The third day in, I found myself wondering which would be more knackered first – me or the bike. My XT600Z Tenere is real mongrel – most of it is a 34L model, the original first-edition 1983 version of the Tenere that appears in the iconic early ‘80s photos of the Dakar Rally. But the engine is from the final model XT600E (i.e. a 4PT model). The wiring loom is from sometime between 1988 and 2000. The carbs and front forks are from 1984.

Having ridden the newer 2009 version of the Tenere from London to Sydney on some pretty tricky territory before greenlaning it back in the UK, I’m under no illusions; the older version is a far better bike. It’s 40kg lighter to start off with. What’s more, on the newer bike that 40kg is high up, making her prone to toppling over.

The older XT was a great choice for this trip – a true all-rounder that was fun to ride on any terrain. It hoovered up most of the trails put in front of it, with the exception of a few bits of the Slovenian TET. For 10 of the 13 days I rode trails, typically for more than five hours off asphalt with liaisons between. The route covered everything from the technical mountainous trails in the foothills of the Julian Alps in Slovenia, to the heavy ruts and big boulders of the Col de Sommeiller and the fast, light gravel forest tracks of north Croatia. The other three days were sat for 9 hours+ on motorways with the throttle pinned in top gear at 80mph.

There were only two negatives. Towards the end of the trip, the float needle valve went in the carb to the point that the bike was leaking fuel even with the engine running. Second, the lack of a fairing and an off-roading gearing meant the 500 mile schlep down the autoroute from Calais to Briancon was particularly onerous.

The gear

Silvermans have some cheap heavy duty army canvas panniers, which I used on a Hepco & Becker rack. For £30, they’re a bargain – they’ve got lots of straps and loads of room. But they do need strengthening around where they attached to each other as they became worn – less of an issue if you are just riding tarmac, but if you’re throwing the bike about on the rough stuff, then the bags bouncing up and down put extra strain on them. I’m not sure what to do about that for the future TBH – or indeed if anything can be done. It seems a shame to write them off, because otherwise they’re a great bit of kit.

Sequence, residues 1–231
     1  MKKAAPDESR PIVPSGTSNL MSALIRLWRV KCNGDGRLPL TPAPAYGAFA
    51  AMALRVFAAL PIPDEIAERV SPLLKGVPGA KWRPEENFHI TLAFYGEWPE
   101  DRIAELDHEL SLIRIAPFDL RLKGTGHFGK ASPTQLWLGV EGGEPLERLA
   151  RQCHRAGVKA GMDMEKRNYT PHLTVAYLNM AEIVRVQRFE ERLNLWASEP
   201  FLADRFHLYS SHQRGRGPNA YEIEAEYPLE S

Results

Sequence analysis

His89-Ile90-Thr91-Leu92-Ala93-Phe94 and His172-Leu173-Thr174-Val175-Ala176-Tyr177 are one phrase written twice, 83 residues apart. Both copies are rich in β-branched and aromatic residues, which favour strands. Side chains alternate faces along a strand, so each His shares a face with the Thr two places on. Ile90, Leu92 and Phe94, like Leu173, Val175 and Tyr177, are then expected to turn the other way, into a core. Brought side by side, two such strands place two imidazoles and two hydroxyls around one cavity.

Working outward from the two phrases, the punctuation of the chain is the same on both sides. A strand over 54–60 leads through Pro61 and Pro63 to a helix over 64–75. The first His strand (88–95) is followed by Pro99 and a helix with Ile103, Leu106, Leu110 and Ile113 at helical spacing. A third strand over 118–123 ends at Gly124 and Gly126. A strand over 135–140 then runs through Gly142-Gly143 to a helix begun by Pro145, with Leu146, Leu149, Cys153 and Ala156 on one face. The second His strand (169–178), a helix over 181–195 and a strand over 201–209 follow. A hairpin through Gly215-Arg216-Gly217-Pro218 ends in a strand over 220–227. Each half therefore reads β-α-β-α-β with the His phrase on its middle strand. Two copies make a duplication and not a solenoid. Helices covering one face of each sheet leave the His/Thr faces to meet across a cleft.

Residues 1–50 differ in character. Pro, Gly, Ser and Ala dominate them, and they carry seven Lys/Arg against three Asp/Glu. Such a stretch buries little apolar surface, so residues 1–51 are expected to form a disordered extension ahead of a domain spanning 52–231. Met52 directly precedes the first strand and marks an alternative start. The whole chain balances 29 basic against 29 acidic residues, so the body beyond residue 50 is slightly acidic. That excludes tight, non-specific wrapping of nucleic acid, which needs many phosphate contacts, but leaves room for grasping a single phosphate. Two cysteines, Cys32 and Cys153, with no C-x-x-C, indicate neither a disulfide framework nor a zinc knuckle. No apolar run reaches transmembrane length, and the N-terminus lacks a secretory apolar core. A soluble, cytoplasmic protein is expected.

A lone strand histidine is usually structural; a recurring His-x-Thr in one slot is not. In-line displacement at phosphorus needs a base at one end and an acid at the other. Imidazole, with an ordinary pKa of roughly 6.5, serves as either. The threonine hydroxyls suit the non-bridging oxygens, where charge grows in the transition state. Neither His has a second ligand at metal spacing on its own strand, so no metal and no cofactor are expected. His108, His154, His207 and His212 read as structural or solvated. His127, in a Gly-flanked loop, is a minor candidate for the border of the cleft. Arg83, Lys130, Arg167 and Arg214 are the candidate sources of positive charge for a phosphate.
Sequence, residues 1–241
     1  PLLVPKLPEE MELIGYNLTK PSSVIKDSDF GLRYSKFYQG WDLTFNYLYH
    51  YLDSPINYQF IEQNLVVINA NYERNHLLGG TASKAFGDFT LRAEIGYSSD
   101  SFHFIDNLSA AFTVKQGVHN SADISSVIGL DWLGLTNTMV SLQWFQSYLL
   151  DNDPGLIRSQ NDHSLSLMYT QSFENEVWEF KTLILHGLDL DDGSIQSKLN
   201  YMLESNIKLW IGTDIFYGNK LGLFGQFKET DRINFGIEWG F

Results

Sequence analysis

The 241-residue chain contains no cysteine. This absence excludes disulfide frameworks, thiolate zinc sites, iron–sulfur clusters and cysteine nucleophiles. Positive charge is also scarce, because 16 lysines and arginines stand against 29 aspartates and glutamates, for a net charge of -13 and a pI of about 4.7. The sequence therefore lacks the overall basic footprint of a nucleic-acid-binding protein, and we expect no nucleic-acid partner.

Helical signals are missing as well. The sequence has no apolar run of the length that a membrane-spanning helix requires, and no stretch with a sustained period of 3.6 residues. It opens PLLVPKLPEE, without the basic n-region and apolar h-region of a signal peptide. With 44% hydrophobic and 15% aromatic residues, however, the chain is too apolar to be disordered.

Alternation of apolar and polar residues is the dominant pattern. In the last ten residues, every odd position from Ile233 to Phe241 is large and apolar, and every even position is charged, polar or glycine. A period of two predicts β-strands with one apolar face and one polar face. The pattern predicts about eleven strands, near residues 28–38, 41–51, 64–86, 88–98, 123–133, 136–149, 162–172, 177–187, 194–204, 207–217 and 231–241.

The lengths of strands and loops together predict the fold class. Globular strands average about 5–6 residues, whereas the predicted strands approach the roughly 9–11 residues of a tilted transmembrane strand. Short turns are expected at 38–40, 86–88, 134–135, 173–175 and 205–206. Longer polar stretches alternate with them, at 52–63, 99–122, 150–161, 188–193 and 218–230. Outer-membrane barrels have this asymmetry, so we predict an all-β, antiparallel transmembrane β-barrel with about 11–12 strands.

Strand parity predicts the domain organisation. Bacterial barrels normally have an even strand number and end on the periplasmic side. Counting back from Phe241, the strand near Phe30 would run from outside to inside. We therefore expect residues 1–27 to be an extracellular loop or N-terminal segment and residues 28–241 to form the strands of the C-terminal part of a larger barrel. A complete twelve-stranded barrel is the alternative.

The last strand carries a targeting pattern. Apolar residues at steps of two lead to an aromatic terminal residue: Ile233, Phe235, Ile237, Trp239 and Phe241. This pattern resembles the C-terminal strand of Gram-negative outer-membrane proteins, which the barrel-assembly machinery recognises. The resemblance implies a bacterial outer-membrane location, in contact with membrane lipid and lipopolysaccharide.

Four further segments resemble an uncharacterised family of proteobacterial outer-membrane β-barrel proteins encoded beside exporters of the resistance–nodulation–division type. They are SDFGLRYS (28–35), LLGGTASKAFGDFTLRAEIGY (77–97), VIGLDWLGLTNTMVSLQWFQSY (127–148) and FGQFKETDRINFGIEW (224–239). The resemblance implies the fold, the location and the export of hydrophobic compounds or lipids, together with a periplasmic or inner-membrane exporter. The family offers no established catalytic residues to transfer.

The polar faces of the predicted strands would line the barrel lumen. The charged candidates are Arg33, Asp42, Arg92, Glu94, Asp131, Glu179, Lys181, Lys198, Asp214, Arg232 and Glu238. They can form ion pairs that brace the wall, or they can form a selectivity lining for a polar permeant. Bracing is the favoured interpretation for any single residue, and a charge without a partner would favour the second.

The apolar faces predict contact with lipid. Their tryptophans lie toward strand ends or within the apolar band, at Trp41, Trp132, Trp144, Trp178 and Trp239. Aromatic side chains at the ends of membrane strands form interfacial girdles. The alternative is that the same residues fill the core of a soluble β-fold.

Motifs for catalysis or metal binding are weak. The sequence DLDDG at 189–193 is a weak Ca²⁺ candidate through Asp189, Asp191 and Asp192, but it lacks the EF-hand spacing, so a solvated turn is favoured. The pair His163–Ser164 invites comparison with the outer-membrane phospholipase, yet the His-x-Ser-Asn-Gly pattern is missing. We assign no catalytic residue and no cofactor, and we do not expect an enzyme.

The tank panniers I got from Wolfman were good, and I was happy enough using them in lieu of a tank bag. You do have to ride somewhat with legs akimbo but that doesn’t take much getting used to. One advantage of having a tank bag though might be the ability to read maps whilst on the move, but I plan to try out simply putting a normal map case under a cargo net on top of the tank instead.

I ran TKC80s front and back for the hoops, and by the end of the first week I’d pretty much burnt through the rear one. I’ve been using them for the last couple of years and whilst they’re good, for a trip this length or longer I’d probably go with K60s (non-Scout) or perhaps some longer-lasting Karoo 3’s instead.

All in all…

…a really fun trip, and I’d suggest spending a week or two riding trails in the Maritime Alps to anyone. Having to fly home whilst the carb got repaired (or not) in Morzine was disappointing but given that the bike had been barely used since it was restored by the previous owner it’s not a surprise that something like might happen. This was my first ‘proper’ trip since landing back from Sydney two years earlier, and it left me looking forward to the next.